The Gateway to Computer Science Excellence
First time here? Checkout the FAQ!
x
+25 votes
4.7k views

Consider three IP networks $A, B$ and $C$. Host $H_A$ in network $A$ sends messages
each containing $180$ bytes of application data to a host $H_C$ in network $C$.
The $\text{TCP}$ layer prefixes $20$ byte header to the message.

This passes through an intermediate network $B$.The maximum packet size,
 including $20$ byte IP header, in each network is:

  • A: $\text{1000 bytes}$
  • B: $\text{100 bytes}$
  • C: $\text{1000 bytes}$

The network $A$ and $B$ are connected through a $1$ Mbps link, while $B$ and $C$
 are connected by a $512$ Kbps link (bps = bits per second).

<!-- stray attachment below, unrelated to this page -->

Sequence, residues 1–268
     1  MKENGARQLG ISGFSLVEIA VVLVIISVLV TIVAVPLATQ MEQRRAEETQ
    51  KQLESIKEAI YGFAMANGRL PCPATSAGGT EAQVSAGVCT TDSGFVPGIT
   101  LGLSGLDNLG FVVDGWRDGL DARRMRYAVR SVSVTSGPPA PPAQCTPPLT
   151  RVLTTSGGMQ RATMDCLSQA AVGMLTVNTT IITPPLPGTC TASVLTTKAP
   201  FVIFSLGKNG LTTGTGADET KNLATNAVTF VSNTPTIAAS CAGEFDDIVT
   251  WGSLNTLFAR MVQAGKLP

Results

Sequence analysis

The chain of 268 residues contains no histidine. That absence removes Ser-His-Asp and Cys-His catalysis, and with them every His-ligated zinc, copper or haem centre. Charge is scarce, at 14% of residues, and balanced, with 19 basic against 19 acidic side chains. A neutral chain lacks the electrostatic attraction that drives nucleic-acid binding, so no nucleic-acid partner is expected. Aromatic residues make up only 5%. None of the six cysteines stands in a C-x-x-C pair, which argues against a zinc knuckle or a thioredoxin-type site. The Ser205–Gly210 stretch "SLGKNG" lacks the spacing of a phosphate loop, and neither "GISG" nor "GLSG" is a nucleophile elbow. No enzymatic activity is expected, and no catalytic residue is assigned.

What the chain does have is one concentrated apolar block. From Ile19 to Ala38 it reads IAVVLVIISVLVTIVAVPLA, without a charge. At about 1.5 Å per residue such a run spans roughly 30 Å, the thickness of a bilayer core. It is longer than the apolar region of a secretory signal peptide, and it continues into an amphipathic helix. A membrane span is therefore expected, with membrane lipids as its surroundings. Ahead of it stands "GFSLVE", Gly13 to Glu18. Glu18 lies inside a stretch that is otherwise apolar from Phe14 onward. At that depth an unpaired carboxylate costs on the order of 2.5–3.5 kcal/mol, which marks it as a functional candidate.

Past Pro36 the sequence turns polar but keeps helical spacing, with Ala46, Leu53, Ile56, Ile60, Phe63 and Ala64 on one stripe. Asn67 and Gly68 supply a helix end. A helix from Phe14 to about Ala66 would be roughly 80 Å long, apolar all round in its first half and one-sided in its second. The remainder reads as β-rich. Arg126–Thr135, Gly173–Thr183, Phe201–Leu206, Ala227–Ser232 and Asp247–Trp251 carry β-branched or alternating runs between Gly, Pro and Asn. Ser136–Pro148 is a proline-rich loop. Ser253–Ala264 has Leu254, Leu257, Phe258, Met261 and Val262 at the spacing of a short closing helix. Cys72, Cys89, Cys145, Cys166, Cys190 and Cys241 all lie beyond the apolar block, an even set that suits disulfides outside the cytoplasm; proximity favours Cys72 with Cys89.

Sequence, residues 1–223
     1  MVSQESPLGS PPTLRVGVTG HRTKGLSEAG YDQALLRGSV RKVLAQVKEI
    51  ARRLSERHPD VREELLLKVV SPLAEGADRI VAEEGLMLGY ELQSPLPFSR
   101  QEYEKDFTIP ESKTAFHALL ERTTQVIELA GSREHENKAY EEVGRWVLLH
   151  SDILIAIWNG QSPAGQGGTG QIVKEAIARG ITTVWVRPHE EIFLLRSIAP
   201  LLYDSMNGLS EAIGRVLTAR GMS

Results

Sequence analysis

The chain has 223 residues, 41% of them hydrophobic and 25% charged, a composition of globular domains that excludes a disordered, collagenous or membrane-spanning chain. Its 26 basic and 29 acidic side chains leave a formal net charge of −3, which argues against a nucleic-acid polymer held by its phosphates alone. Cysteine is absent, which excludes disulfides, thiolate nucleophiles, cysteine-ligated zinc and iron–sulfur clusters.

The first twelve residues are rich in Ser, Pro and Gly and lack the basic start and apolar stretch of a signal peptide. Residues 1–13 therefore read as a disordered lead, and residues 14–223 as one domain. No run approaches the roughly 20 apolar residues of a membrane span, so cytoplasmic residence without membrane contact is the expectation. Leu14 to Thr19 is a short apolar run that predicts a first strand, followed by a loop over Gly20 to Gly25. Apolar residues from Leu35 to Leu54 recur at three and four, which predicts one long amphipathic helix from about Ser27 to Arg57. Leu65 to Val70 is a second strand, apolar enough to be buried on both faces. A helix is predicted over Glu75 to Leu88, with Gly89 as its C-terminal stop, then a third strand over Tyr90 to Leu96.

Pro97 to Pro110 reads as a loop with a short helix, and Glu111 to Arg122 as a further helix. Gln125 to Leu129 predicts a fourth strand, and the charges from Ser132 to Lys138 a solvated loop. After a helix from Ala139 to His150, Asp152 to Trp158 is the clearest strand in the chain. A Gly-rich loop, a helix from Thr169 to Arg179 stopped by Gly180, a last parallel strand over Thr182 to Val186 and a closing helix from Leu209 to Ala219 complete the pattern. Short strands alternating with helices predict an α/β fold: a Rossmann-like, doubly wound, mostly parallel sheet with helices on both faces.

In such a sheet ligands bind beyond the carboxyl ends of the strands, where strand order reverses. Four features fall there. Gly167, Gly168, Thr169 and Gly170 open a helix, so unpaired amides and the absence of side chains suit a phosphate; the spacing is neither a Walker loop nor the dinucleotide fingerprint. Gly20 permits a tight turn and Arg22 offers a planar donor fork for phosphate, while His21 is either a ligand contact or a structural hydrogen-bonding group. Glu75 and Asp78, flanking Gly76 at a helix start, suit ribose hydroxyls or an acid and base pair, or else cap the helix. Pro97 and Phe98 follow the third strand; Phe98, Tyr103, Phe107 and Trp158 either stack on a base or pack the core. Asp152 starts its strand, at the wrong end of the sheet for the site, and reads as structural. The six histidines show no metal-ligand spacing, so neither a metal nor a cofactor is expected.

Assuming that the packets are correctly delivered, how many bytes, including headers,
are delivered to the $IP$ layer at the destination for one application message,
 in the best case? Consider only data packets.

  1. $200$
  2. $220$
  3. $240$
  4. $260$
asked in Computer Networks by Veteran (59.4k points)
edited by | 4.7k views
+3
Can we say the rate at which application data is transferred = application data / total time taken for it to reach host C ?

 

Here are two method which comes in my mind.

Method 1.

application data = 180 Bytes

and total time taken for it to reach host C = Tab + Tbc

Tab = 220*8/1M

Tbc = (100 + 100 + 60 )8/0.5M

Effective Rate ac = 180*8 / Tac = 180/ (220+260*2)  Mbps = 180/740 Mbps = 243 Kbps

or

Method 2

Effective Rate = useful data/ total data * rate of slowest link (512 Kbps) = 180 / 260 * 512 = 354 Kbps

@Arjun Sir plz reply.
+3